Section 6046 requires information reporting by each U.S. citizen or resident who is at any time an officer or director of a foreign corporation, where more than 10% (by vote or value) of stock is owned by a U.S. person. Sec.6046(a)(1)(A). The stock ownership threshold is met if a U.S. person owns 10% or more of the total value of the foreign corporation’s stock or 10% or more of the total combined voting power of all classes of stock with voting rights. Sec. 6046(a)(2). A U.S. person who disposes of sufficient stock in the foreign corporation to reduce his interest to less than the stock ownership requirement is required to provide certain information with respect to the foreign corporation. Sec. 1.6046-1(c)(1)(ii)(c), Income Tax Regs.”
The penalties for failing to timely file a Form 5471 are $10,000 per corporation per annual accounting period. If notified by the IRS of the failure, additional penalties of up to $50,000 can apply.
Mr. Flume was required to file Form 5471 for various reasons depending on the year. To avoid the penalty a taxpayer must demonstrate reasonable cause. As the Court points out, there are no regulations defining reasonable cause in the Form 5471 context, but court cases have generally required a taxpayer to demonstrate that he exercised ordinary business care and prudence, but was unable to file within the required time. United States v. Boyle, 469 U.S. 241, 246 (1985). A taxpayer can also demonstrate reasonable cause by relying on his tax adviser. The taxpayer must show that the adviser was competent, the taxpayer provided necessary and accurate information, and that he actually relied in good faith on the advice.
Mr. Flume argued that his preparer failed to advise him to the Form 5471 requirement. The only problem for Mr. Flume was that he didn’t inform his preparer that he had foreign corporations until one of the later years at issue.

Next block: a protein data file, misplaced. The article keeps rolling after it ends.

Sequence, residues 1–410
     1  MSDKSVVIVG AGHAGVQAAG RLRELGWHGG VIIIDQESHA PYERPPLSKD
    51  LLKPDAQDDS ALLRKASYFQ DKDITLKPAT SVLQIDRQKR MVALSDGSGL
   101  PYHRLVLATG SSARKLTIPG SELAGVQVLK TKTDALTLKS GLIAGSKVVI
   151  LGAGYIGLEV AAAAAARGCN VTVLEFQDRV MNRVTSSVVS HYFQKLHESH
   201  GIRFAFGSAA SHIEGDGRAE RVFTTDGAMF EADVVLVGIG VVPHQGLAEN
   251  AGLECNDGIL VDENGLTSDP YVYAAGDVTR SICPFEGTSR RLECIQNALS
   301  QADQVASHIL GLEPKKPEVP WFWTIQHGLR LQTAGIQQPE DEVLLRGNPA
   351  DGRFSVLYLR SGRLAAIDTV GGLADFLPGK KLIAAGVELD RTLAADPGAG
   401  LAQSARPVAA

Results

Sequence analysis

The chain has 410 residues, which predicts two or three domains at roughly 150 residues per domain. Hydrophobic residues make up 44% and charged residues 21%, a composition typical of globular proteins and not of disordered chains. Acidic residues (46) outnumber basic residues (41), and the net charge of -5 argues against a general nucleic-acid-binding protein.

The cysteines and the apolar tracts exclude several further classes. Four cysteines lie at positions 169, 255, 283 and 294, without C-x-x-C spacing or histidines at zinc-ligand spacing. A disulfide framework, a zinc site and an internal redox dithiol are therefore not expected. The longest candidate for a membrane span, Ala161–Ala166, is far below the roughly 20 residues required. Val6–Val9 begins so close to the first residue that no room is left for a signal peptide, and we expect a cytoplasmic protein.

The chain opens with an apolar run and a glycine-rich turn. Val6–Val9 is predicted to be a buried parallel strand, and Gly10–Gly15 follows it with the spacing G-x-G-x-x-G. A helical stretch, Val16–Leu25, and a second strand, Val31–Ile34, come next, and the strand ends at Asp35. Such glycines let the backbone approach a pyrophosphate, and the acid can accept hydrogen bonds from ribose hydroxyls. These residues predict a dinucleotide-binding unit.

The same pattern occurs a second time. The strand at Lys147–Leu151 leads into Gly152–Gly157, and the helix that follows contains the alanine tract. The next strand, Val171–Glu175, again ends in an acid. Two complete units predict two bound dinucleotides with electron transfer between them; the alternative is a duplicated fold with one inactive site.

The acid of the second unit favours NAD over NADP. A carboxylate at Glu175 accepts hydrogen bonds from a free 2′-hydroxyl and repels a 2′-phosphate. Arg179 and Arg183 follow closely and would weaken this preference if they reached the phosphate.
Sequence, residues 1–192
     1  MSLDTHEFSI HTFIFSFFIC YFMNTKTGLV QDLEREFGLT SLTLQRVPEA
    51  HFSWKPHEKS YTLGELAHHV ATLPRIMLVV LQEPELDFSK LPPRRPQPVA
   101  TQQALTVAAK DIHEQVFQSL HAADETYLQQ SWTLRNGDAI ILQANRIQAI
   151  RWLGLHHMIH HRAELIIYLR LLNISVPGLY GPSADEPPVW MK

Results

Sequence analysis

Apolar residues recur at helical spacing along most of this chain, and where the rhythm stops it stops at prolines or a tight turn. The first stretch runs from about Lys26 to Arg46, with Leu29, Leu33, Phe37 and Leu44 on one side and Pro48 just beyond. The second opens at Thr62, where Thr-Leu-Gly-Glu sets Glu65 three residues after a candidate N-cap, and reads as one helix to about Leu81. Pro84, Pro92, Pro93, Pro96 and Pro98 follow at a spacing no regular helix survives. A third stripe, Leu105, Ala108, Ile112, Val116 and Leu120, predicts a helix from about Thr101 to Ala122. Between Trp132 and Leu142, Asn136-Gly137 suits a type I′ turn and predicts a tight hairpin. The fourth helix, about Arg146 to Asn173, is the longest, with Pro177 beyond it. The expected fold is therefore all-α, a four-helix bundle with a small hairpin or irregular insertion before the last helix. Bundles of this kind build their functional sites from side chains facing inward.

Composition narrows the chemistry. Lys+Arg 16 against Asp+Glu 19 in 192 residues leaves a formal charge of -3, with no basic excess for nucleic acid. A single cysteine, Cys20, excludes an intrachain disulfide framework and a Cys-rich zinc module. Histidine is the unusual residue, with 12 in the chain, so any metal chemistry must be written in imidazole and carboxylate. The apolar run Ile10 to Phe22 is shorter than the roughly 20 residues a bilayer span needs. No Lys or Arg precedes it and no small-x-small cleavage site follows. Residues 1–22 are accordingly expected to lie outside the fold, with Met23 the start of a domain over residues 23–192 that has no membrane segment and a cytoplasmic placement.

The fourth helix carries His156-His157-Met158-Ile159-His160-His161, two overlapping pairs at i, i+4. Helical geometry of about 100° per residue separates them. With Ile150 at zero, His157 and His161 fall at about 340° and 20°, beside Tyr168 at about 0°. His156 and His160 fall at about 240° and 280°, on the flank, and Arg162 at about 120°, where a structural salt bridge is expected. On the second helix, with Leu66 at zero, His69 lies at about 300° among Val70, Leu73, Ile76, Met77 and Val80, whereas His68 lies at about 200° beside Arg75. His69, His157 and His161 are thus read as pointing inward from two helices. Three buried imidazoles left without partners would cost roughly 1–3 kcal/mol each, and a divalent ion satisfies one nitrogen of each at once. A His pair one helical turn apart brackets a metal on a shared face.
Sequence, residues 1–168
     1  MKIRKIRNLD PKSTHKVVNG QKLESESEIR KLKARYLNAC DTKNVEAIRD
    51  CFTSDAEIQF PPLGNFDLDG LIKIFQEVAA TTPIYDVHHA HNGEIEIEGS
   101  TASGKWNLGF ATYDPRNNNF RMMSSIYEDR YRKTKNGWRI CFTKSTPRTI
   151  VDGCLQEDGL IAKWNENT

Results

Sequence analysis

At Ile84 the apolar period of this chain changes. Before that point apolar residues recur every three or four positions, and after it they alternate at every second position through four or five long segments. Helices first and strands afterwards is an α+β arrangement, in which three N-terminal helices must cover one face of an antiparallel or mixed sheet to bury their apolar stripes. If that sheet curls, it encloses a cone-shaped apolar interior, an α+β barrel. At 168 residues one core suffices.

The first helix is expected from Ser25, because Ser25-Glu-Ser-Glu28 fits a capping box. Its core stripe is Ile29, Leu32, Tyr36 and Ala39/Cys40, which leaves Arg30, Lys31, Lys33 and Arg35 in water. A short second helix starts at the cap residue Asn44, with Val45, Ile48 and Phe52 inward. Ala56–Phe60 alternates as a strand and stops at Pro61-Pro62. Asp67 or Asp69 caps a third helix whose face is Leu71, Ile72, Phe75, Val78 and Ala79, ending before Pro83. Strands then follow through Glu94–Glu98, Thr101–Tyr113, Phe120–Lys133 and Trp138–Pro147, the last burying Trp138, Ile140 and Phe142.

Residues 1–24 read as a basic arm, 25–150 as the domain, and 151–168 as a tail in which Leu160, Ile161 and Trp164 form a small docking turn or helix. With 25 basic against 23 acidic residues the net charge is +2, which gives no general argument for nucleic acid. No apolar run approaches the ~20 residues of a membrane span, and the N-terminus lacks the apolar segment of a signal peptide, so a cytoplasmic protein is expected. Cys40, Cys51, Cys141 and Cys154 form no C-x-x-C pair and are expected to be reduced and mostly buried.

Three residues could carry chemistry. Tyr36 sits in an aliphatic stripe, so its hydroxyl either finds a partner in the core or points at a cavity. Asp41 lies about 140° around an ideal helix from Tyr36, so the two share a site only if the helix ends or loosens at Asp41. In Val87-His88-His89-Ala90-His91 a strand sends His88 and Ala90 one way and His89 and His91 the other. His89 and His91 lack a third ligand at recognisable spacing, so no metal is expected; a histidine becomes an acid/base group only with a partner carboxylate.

Although this case is a Form 5471 case, there are lessons to be learned for all foreign reporting issues. The relationship between a taxpayer and his or her tax preparer is crucial. If you do not tell your preparer about your foreign assets, you can’t expect proper reporting, and if hit with penalties you can’t rely on the advice not given. As foreign penalties go, Form 5471 penalties are relatively low at $10,000 per corporation, per year. Other penalties can be much more severe.
In an interesting footnote, the Court asked the parties to address the whether there were any prohibited ex parte communications between the IRS Office of Appeals and the originating function. Petitioner failed to address the issue and therefore is deemed to have conceded it. In a CDP context, taxpayers should always make sure that the ex parte rules are followed and that any communication between the Settlement Officer and the Revenue Agent, for example, include you or your representative.
JONAHAN KALINSKI specializes in both civil and criminal tax controversies as well as sensitive tax matters including disclosures of previously undeclared interests in foreign financial accounts and assets and provides tax advice to taxpayers and their advisors throughout the world. He handles both Federal and state tax matters involving individuals, corporations, partnerships, limited liability companies, and trusts and estates.
Mr. Kalinski has considerable experience handling complex civil tax examinations, administrative appeals, and tax collection matters. Prior to joining the firm, he served as a trial attorney with the IRS Office of Chief Counsel litigating Tax Court cases and advising Revenue Agents and Revenue Officers on a variety of complex tax matters. Jonathan Kalinski also previously served as an Attorney-Adviser to the Honorable Juan F. Vasquez of the United States Tax Court.